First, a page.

- Fetal Echocardiogram (Fetal Echo): If a fetal arrhythmia is suspected or detected during routine monitoring or ultrasound, a fetal echocardiogram may be recommended. This specialized ultrasound of the fetal heart provides detailed images of the heart's structure and function allowing pediatric cardiologists to assess the type and severity of the arrhythmia as well as any affects the arrhythmia has had on the heart.
- Maternal Monitoring: In some cases, maternal monitoring is necessary to assess whether maternal conditions, such as fever or infection, are contributing to the fetal arrhythmia. Treating the underlying maternal condition may resolve the arrhythmia.
- Blood Tests: Blood tests may be performed to check for factors like fetal anemia or maternal thyroid dysfunction, which can contribute to fetal arrhythmias.
- Genetic Testing: In some cases, genetic testing may be considered to evaluate for genetic factors associated with certain types of arrhythmias. Genetic counseling may be beneficial to assess the risk of passing on conditions within families.
Once a fetal arrhythmia is detected and diagnosed, the healthcare team, which often includes pediatric cardiologists and maternal-fetal medicine specialists, will determine the appropriate management and treatment plan.
Potential Complications of Fetal Arrythmias
Fetal arrhythmia can sometimes lead to complications:
- Less Oxygen: The baby might not get enough oxygen if the heart isn't working properly.
- Heart Problems: In severe cases, the baby's heart might not pump blood well, which can lead to heart problems.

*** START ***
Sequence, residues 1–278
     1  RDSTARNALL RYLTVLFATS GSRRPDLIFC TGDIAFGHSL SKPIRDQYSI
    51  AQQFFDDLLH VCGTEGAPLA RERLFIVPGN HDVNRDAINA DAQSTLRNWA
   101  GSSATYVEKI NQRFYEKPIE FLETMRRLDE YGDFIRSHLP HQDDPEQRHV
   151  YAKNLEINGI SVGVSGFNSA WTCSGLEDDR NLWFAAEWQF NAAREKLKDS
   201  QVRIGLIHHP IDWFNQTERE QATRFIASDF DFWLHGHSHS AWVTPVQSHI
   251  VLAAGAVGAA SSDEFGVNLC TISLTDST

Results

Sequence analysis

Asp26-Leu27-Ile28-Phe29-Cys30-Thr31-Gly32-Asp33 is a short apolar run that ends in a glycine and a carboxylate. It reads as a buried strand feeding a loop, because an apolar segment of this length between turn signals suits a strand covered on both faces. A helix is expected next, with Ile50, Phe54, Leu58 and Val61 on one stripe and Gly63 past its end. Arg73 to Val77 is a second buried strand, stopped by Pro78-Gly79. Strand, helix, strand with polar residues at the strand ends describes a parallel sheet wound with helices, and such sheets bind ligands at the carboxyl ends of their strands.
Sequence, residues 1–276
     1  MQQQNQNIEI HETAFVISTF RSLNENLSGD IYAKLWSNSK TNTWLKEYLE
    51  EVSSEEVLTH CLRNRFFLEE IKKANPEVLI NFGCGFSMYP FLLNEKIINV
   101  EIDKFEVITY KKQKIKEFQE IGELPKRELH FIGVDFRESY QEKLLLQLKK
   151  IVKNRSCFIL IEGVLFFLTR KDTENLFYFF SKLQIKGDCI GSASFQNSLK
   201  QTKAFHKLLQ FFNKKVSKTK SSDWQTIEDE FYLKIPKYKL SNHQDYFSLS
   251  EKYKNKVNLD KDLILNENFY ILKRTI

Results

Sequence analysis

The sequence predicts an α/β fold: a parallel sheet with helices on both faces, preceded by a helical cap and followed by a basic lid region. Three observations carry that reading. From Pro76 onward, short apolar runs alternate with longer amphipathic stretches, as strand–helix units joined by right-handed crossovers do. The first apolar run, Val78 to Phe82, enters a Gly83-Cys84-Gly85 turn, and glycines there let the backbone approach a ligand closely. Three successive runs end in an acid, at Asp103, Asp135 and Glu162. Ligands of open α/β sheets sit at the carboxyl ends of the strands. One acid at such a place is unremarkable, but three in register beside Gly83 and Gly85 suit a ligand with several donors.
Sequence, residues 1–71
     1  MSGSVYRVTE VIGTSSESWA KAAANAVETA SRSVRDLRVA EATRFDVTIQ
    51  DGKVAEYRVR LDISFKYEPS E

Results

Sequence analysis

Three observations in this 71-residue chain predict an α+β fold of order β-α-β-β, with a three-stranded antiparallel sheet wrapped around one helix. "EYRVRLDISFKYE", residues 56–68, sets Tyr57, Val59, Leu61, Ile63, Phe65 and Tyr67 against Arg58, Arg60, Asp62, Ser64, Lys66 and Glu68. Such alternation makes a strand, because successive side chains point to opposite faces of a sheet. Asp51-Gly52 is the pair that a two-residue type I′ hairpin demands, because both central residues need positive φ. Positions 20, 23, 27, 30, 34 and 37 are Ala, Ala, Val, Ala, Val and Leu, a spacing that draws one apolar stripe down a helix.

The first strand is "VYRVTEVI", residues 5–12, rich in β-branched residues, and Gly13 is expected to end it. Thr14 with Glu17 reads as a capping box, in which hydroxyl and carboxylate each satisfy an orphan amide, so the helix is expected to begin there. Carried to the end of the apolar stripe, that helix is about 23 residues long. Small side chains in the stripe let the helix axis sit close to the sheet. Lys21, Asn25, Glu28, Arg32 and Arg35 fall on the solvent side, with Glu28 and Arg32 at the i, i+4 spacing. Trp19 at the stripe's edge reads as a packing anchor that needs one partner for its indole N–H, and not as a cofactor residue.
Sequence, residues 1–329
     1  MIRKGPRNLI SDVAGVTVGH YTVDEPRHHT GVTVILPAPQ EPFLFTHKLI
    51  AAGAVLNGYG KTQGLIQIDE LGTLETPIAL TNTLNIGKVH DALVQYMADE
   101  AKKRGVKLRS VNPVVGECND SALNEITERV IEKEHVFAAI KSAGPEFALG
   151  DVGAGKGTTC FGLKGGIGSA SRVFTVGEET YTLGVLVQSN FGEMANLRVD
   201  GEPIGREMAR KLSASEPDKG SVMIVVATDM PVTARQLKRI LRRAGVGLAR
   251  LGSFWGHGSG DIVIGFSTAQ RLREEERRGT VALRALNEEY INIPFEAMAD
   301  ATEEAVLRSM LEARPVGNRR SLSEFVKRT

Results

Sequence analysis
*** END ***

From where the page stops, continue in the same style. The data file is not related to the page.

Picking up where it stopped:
- Preterm Birth: In some situations, the baby might need to be delivered early to treat the condition.
Treatment of Fetal Arrhythmias
Doctors can often manage and treat fetal arrhythmia. The treatment depends on what is causing the problem and how severe it is. It might involve medications or more advanced procedures.
Why Choose Lurie Children’s for Treatment?
Lurie Children’s Fetal Cardiology team works alongside our pediatric heart rhythm specialists (electrophysiologists) as well as our maternal-fetal-medicine and adult cardiology colleagues at Northwestern Medicine to provide comprehensive care to all individuals whose pregnancies are complicated by fetal arrhythmias.
Our team is available 24/7 when issues arise to provide rapid assessment that allows for immediate intervention, if necessary. Our Fetal Cardiology team provide services at The Chicago Institute for Fetal Health as well as at Prentice Women’s Hospital for both inpatient and outpatient evaluation.
Our team is also actively involved in research and publishing in medical journals to advance the field of fetal arrhythmia diagnosis and treatment. Some of our publications include: